Until I started researching It’s a Feudal, Feudal World, I thought I was familiar with the languages that fused Hebrew with another language. One was Yiddish, which combined Germanic grammar with and Slavic and Hebrew vocabulary. The other was Ladino, in which medieval Spanish adopted Hebrew vocabulary.
It turns out that I was wrong. It only took a little reading to discover just how many languages exist in which communities have merged the grammar or vocabulary of their native tongue with those of the people who live around them. There’s Judeo-Arabic, a dialect of Arabic written in Hebrew that was used by many Jews, including the philosopher Maimonides, and Judeo-Persian, a dialect of Persian written in Hebrew that are the basis for some of the oldest texts in the Persian language. Nor were Jewish communities the only ones to develop these kinds of tongues. In medieval Spain, there was late Latin or early Spanish written in Arabic script by Spanish Christians – what scholars often call Mozarabic. After the reconquista, a similar combination of early Spanish in Arabic script, now written by Spanish Muslims, is known by scholars as aljamia. The whole phenomenon of mixing languages and scripts was in an early draft of the book but ended up on the cutting room floor.
Though I knew a little about the existence of Judeo-Persian, I was still stunned by the beauty of the illustrated Judeo-Persian manuscripts I found in last year’s award-winning illustrated art book, Skies of Parchment, Seas of Ink: Jewish Illuminated Manuscripts. These manuscripts, some of them in the collections of major research libraries, adopted the same style as the intricate Timurid and Safavid manuscripts of the same era. The most famous of the texts in these illuminated manuscripts are the Biblical verse epics written by the fourteenth century Judeo-Persian poet Mawlana Shahin-i Shirazi and his artistic successor, ‘Imrani.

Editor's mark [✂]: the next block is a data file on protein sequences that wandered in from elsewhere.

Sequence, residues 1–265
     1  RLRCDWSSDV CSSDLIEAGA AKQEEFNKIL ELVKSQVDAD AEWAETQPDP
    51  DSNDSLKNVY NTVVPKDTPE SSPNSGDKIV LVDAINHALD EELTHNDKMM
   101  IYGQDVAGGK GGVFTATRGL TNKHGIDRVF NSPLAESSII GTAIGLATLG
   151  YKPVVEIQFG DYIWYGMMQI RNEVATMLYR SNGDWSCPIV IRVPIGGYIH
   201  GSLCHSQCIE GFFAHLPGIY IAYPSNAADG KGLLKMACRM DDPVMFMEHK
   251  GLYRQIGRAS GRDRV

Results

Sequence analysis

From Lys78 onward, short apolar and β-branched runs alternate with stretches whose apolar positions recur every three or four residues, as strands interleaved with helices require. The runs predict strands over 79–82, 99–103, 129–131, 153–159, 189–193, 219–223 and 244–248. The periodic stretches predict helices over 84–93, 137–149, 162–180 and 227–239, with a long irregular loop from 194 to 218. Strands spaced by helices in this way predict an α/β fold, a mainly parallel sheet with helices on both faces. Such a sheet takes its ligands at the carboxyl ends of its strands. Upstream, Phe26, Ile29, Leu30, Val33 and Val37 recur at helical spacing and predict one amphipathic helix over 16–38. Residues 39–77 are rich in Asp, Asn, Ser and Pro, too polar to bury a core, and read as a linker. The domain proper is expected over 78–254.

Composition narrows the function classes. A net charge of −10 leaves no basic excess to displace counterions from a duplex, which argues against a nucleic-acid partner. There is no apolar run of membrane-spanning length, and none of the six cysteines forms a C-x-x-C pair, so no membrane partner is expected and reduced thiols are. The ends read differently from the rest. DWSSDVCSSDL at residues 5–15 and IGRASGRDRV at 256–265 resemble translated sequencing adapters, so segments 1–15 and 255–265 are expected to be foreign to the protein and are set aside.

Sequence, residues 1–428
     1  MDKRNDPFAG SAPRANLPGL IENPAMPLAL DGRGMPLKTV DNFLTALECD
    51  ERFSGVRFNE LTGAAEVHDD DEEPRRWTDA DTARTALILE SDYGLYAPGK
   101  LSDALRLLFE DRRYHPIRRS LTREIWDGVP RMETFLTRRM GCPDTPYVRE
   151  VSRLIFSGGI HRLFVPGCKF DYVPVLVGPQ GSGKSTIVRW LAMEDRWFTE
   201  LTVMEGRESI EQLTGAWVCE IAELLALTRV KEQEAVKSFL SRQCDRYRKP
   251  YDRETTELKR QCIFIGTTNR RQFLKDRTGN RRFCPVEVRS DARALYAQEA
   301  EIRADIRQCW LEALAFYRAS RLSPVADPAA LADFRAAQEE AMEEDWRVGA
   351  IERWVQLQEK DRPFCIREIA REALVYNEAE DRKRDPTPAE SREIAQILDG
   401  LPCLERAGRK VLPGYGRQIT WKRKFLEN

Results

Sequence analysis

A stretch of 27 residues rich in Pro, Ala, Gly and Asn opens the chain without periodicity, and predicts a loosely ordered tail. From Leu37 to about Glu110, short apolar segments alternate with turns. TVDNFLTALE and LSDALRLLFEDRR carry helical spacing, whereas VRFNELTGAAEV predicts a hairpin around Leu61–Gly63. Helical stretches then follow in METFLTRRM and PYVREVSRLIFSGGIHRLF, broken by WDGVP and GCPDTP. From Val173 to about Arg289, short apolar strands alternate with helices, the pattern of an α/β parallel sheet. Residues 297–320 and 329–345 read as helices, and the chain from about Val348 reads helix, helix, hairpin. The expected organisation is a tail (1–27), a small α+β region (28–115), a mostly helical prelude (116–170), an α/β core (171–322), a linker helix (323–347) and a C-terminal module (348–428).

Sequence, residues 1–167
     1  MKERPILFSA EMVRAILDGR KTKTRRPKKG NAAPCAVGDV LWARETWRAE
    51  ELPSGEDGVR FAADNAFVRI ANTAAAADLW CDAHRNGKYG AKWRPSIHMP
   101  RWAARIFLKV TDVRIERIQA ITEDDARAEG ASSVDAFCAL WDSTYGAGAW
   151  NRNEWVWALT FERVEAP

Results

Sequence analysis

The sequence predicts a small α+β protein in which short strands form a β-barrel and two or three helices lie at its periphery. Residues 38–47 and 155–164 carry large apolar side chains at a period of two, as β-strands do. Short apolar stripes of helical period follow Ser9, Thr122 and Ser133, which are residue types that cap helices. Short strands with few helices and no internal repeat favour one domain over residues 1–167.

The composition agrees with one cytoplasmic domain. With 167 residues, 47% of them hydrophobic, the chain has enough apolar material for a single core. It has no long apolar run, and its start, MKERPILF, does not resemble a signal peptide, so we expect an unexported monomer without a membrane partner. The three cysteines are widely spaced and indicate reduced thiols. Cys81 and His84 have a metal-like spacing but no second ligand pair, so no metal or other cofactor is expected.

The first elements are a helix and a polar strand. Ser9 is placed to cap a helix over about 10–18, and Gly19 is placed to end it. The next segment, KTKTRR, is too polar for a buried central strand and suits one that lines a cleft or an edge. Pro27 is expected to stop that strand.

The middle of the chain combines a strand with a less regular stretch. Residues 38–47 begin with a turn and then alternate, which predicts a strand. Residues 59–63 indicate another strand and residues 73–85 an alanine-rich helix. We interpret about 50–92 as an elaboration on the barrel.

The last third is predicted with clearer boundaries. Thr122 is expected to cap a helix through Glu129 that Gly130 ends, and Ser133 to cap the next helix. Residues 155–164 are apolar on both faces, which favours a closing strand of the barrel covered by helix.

Between them, Shahin and Imrani wrote verse versions of the books of Genesis, Joshua, Judges, Ruth, most of Samuel, Job, Esther, Ezra, and the life of Moses. Instead of attempting to retell precisely the facts in the original biblical narrative, they poems drew on commentary, midrash, and Islamic tradition to expand their stories. Inspired by Persian epics such as the Shah-namah (or Book of Kings), they transformed the biblical narrative into a Persian epic. Among the consequences of this “Iranization” (Vera Basch Moreen’s term) were the addition heroic episodes akin to the acts of great Persian heroes.
Talking animals feature in many of these new moments. In Shahin’s retelling of Genesis, not only do Joseph’s brothers bring the wolf they claimed murdered the boy to their father, Jacob, but the patriarch and the wolf engage in an extended dialogue. My favourite, though, has to be Moses’ experiences guarding Jethro’s flocks in Midian from Shahin’s Musa-namah (or Book of Moses). Here, Moses faces a terrible serpent, a ravenous wolf, and a “black lion,” each of whom demands Moses give up the flock. Each time, Moses refuses and wreaks terrible vengeance. The serpent is decapitated, the wolf is torn apart and then hung by the neck with a rope made from his potential victim’s wool, and the lion is … well … body slammed. Vera Basch Moreen, one of the few scholars to translate much Judeo-Persian literature into English, translates:
In anger Moses grasped his staff and struck him
On the chest so that he turned to flee.
He seized the lion, hauling him overhead;
Then struck him to the ground and smashed his body.
Which is a pretty awesome image, in a WWF sort of way
Most English translations of Judeo-Persian appear in scholarly journals or books – the episode with the black lion comes for Moreen’s article in Prooftexts entitled “God’s Shepherd: An Episode from a Judeo-Persian Epic” (JSTOR link) – but there is an anthology, In Queen Esther’s Garden (also by Vera Basch Moreen) that gives good sense not just of the biblical epics but also of Judeo-Persian poetry, biblical commentaries, and historical writing.